• Allegations that the university has violated the Drug Free Schools Act and/or the Drug Free Workplace Act, which could put its federal funding at risk;
  • Reputational risks of working with an individuals or entities engaged in illegal activities.

Due to the risks involved with accepting funding from individuals and entities in the marijuana industry, SIU campuses may not accept donations, grants or other funding from entities or individuals known to directly derive most or all of their funding from conducting marijuana-related activities that are illegal under federal law (e.g., sale, cultivation, distribution). This includes grants that are earmarked specifically for the study of the impact of marijuana directly from companies that distribute or manufacture marijuana products or foundations that are created by such companies.


III.        Marijuana Research

  1. Research Involving the Cultivation, Distribution, Possession or Use of Marijuana

            Research involving the possession and use of marijuana in humans and animals is allowable if the researcher has obtained a Schedule I registration with the DEA and approval for their research protocol through scientific review by the U.S. Food and Drug Administration’s Investigational New Drug process. Other standard research approvals from the appropriate institutional review board(s) (IRBs) and Institutional Animal Care and Use Committee(s) (IACUCs) must also be obtained if research involves humans or animals. The approval process may take as long as a year and DEA registration must be completed before research can begin.

In addition, marijuana research requires the researcher to obtain marijuana only from a source approved by the DEA through the National Institute on Drug Abuse (NIDA) Drug Supply Program. At present, only the University of Mississippi is authorized to produce marijuana plant-based products for use by researchers in the U.S. In August 2016, the DEA announced that it would accept applications from other institutions interested in supplying marijuana for federal research. To date, no new approved sources have been announced by the DEA. Researchers are encouraged to refer to the NIDA website ( for additional information.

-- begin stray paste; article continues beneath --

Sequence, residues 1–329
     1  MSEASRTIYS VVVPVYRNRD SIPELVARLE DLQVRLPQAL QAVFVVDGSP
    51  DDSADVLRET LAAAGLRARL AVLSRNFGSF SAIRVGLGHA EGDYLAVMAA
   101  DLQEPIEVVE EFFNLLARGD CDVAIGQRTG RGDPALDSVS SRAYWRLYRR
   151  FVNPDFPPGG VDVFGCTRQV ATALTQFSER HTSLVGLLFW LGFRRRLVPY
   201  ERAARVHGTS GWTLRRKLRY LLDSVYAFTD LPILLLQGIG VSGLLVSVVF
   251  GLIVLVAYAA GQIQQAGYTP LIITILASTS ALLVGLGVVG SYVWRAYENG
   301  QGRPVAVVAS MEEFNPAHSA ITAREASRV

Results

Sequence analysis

1. Research Not Involving the Cultivation, Distribution, Possession, or Direct Use of Marijuana

            The following types of research and other activities are acceptable (as long as the funding is not from a prohibited source), although all normal approvals for research must be obtained, including those for the use of human and animal participants:

  1. Surveys of individuals already using marijuana for recreational or medical purposes.
  2. Environmental impact studies on the impact of marijuana cultivation on the environment.
  3. Research on the socioeconomic effects of marijuana cultivation, sale, or use.
  4. Research on policy and legislative issues concerning marijuana.
  5. Establishing websites or publishing newsletters through which results of the above referenced research or other information on marijuana may be disseminated.
  6. Conducting conferences, seminars, or informal meetings intended to provide objective information to SIU staff and the public on various marijuana-related issues.


  1. Summary for Marijuana (>0.3% THC) Research
  • Must obtain DEA Schedule I registration for research projects 
  • Must obtain cannabis from National Institute on Drug Abuse (NIDA), produced at University of Mississippi (or other sources that may be approved by the DEA) 
  • Must obtain approval from FDA for clinical and non-clinical research 
  • Cannot accept research funding from individuals or entities that directly obtain most of their revenue from the cannabis industry in violation of federal law 
  • May conduct cannabis research that does not involve the direct use, possession, distribution, or cultivation of cannabis (e.g., surveying individuals who use cannabis, analyzing public records, and data)           

[1] Separate guidance relating to research involving industrial hemp was issued in December 2021. 

[2] The Farm Bill of December 2018 amended the Federal Controlled Substances Act to specifically exclude hemp and hemp derivatives from the definition of marijuana, so hemp plants (often labeled “industrial hemp”) are legal and can be used for research so long as the Delta-9 Tetrahydrocannabinol (THC) concentration does not exceed 0.3% by dry weight. The August 21, 2020 DEA Interim Final Rule allows for research without a Schedule I license if the end product of the plant being researched has less than 0.3% THC. More information on industrial hemp is available in the guidance issued in December 2021.